A Day Worth Remembering.

    226
    6
    SHARE

    Today is the 90th Anniversary of the passage of the 19th Amendment to the United States Constitution.

    Permanently protecting the right of all women to vote was a tremendous accomplishment: not just for women, but for all those who value the dignity of the human spirit and equality before the law.

    As I celebrate that achievement, I am reminded of another important day in the long history of the struggle for women’s rights: January 29, 2009. President Obama signing the Lilly Ledbetter Fair Pay Act was a triumphant moment, but also sobering one. In 2009, 233 years after the founding of our Republic, it took an act of Congress to tell us what should have been readily apparent: it is immoral and unjust to pay a woman less than a man because of her gender.

    Sadly, 177 members of the House voted against protecting the fundamental right of gender equality – including my opponent, Frank Wolf. His vote on this matter is unconscionable and embarrassing. His failure to stand up for our wives, our sisters, and our daughters is one of the biggest reasons I got into this race.

    As we look back and pay tribute to the progress we have made, let us be mindful of the work that lies ahead. Terrible pay gaps, among other injustices, still exist, despite laws prohibiting them. We must be vigilant in the discovery and eradication of these unfair practices. One day, we will finally deliver on America’s promise of gender equality. I hope that, for our children, the cold despair of gender discrimination will be a relic confined to history books.

    Let us renew our commitment to eliminating gender-based inequality: not just in law, but in reality.

    (Image Source: White House Photo)

    • Venu

      Pick an important date to launch your false political attack, to drum up emotional support:

      “Today is the 90th Anniversary of the passage of the 19th Amendment to the United States Constitution.”

      Misrepresent the issue being discussed (facts are never your friend in a political race!):

      “Sadly, 177 members of the House  voted against protecting the fundamental right of gender equality – including my opponent, Frank Wolf.”

      Pretend like this issue (probably pandering to get votes) is the most relevant to your campaign, because the people love someone who can make their priorities what the polls want:

      “His vote on this matter is unconscionable and embarrassing. His failure to stand up for our wives, our sisters, and our daughters is one of the biggest reasons I got into this race.”

      Makes sure you throw in the children, they’re so adorable:

      “I hope that, for our children, the cold despair of gender discrimination will be a relic confined to history books.”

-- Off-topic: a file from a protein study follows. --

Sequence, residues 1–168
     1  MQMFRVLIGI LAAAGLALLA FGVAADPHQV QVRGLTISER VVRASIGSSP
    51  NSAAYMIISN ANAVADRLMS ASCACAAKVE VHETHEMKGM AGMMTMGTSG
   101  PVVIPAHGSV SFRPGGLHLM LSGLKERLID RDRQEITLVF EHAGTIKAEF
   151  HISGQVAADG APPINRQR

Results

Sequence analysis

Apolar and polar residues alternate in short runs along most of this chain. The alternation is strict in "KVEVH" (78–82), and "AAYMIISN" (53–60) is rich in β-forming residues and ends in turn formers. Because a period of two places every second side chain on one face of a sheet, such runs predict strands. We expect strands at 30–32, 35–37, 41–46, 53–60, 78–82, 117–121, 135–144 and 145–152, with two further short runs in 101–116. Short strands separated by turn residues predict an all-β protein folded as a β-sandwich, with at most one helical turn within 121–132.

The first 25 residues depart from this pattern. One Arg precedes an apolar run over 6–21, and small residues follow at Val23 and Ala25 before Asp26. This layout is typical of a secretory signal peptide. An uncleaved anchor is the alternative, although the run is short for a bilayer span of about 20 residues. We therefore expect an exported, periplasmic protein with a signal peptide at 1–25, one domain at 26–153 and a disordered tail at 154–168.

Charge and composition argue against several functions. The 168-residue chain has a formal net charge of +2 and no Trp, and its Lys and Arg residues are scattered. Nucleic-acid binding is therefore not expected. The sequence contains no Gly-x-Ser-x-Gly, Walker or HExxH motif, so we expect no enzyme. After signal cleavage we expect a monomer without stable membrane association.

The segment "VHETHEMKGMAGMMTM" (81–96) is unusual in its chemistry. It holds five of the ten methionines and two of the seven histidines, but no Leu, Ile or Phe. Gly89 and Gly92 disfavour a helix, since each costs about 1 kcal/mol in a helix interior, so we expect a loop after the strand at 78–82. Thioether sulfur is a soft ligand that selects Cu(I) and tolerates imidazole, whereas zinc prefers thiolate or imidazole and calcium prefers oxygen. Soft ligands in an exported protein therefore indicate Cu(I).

My guess on why Wolf and the other Republicans voted against the bill was that the Supreme Court had ruled in 2007 against the premise of the bill that the the 180-day statute of limitations for filing an equal-pay lawsuit regarding pay discrimination resets with each new discriminatory paycheck.

      I disagree with Wolf’s vote, but don’t start acting like Wolf is evil incarnate for casting his vote just because your anxious to try and paint him as barbaric or cruel on Women’s Rights so you can win a political election.

    • Jeff Barnett

      Venu,

      I didn’t “misrepresent the issue being discussed”: this matter is one of gender equality.  A restrictive statute of limitations, like existed before Lily Ledbetter, makes it difficult to seek redress for unfair pay practices. When a legal barrier  functionally disadvantages women who are striving for pay equity, voting to support that legal barrier is a vote against gender equality.  

      I didn’t – and wouldn’t – portray Mr. Wolf as “evil incarnate,” to use your words.  I also didn’t suggest that he is “barbaric” or “cruel” on women’s rights. What I did say is that his vote on this bill was a vote against women. I know the arguments that opponents of this bill advanced, and I believe that many of the Republicans who voted against it are decent people. Nevertheless, by voting to make it very difficult to file pay discrimination claims, they sided with corporate interests instead of working women.

      As for this issue’s place in my campaign, Venu,  there’s no pretending. If you ask people who heard me speak in January and February, when I was competing for the Democratic nomination, many of them will tell you that I talked about Lily Ledbetter. I thought Wednesday was an appropriate day to remind us of the work that lies ahead with women’s rights, but I’ve been concerned about Mr. Wolf’s vote on Lily Ledbetter for quite some time. I wouldn’t cynically pick up this issue in an attempt to get votes. I take this position for the same reason I take every stand: I think it’s what’s right.